Rockwell-Collins has used the Architecture Analysis and Design Language (AADL) and a security analysis plug-in developed by the SEI to enable the high-assurance handling of data from multiple sensors having varying levels of security (such as airborne imagery) using a powerful, fast, integrated circuit called a field programmable gate array (FPGA) (pdf, 513 kb). This security evaluation includes properties of the Multiple Independent Levels of Security/Safety (MILS).
An FPGA is very powerful. It is also easier to develop applications on an FPGA, which reduces cost and time to market. In addition, an FPGA can be reprogrammed at runtime ("field programmable")—to fix bugs, for example, which can lower maintenance-engineering costs.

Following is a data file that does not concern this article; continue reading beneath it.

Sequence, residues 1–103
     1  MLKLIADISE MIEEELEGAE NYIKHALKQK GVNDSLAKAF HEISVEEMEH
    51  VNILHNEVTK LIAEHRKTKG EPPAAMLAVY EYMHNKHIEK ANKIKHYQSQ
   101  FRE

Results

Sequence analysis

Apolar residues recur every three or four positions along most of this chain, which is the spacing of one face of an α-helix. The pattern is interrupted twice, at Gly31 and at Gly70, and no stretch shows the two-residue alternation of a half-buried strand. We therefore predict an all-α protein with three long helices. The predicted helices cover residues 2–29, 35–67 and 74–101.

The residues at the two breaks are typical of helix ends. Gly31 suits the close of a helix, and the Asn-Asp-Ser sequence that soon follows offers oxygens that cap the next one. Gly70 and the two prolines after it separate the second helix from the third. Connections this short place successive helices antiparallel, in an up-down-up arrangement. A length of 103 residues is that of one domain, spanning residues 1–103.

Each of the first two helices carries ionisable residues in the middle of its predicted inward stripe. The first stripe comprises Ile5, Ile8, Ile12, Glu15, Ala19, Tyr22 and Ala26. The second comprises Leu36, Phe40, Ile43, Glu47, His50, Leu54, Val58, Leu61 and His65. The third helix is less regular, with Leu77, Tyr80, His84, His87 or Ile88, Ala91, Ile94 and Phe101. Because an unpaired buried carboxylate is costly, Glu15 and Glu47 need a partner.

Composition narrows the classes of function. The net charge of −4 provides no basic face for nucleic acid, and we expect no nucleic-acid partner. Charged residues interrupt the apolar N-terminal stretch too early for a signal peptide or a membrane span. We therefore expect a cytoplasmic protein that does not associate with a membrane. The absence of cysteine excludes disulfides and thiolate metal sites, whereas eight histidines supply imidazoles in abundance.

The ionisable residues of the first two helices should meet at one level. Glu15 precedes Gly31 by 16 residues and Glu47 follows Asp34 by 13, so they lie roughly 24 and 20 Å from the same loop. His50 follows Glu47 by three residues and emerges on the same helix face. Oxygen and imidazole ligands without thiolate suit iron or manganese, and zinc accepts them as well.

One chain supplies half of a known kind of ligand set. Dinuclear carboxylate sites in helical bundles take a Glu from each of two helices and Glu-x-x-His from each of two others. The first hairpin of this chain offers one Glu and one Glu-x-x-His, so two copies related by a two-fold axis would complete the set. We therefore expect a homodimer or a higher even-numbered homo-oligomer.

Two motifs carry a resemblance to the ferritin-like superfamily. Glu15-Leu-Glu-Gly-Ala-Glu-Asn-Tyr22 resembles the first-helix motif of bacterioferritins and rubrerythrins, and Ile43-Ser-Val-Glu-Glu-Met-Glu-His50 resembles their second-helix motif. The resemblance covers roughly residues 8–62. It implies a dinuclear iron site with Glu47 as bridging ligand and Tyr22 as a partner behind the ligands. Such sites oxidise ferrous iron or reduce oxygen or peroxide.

By verifying security using an architecture model developed with AADL and the Open Source AADL Tool Environment (OSATE) plug-in, it is possible to validate confidentiality and integrity and also determine that sanitization is done in a controlled way. Sanitization is the lowering of security levels; controlled sanitization assures that lowering security occurs only within allowed boundaries.
As Rockwell Collins has found, AADL and architecture-centric, model-based analysis complement the traditional development life cycle, providing early insight into problems and analysis from design to test and integration.
Learn more about AADL.
Read an article on AADL and security.